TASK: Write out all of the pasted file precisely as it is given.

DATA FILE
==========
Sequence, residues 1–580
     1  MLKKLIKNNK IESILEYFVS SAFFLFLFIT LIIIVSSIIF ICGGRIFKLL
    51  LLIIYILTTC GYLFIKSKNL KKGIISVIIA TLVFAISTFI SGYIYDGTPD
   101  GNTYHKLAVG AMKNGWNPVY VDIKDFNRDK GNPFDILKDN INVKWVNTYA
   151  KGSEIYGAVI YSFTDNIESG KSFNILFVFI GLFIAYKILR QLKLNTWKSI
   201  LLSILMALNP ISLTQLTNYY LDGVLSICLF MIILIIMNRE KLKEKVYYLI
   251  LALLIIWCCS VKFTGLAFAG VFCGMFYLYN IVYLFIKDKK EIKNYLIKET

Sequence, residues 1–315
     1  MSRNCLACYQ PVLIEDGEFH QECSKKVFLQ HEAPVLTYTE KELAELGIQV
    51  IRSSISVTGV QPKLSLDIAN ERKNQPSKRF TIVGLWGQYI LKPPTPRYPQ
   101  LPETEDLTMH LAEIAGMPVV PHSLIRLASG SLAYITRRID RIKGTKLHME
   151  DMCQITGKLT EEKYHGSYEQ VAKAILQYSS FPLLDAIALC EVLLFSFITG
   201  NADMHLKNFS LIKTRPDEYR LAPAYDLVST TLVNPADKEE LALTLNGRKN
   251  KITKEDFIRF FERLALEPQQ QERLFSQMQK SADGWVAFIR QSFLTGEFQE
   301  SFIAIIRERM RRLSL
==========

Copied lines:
Sequence, residues 1–580
     1  MLKKLIKNNK IESILEYFVS SAFFLFLFIT LIIIVSSIIF ICGGRIFKLL
    51  LLIIYILTTC GYLFIKSKNL KKGIISVIIA TLVFAISTFI SGYIYDGTPD
   101  GNTYHKLAVG AMKNGWNPVY VDIKDFNRDK GNPFDILKDN INVKWVNTYA
   151  KGSEIYGAVI YSFTDNIESG KSFNILFVFI GLFIAYKILR QLKLNTWKSI
   201  LLSILMALNP ISLTQLTNYY LDGVLSICLF MIILIIMNRE KLKEKVYYLI
   251  LALLIIWCCS VKFTGLAFAG VFCGMFYLYN IVYLFIKDKK EIKNYLIKET

Sequence, residues 1–315
     1  MSRNCLACYQ PVLIEDGEFH QECSKKVFLQ HEAPVLTYTE KELAELGIQV
    51  IRSSISVTGV QPKLSLDIAN ERKNQPSKRF TIVGLWGQYI LKPPTPRYPQ
   101  LPETEDLTMH LAEIAGMPVV PHSLIRLASG SLAYITRRID RIKGTKLHME
   151  DMCQITGKLT EEKYHGSYEQ VAKAILQYSS FPLLDAIALC EVLLFSFITG
   201  NADMHLKNFS LIKTRPDEYR LAPAYDLVST TLVNPADKEE LALTLNGRKN
   251  KITKEDFIRF FERLALEPQQ QERLFSQMQK SADGWVAFIR QSFLTGEFQE
   301  SFIAIIRERM RRLSL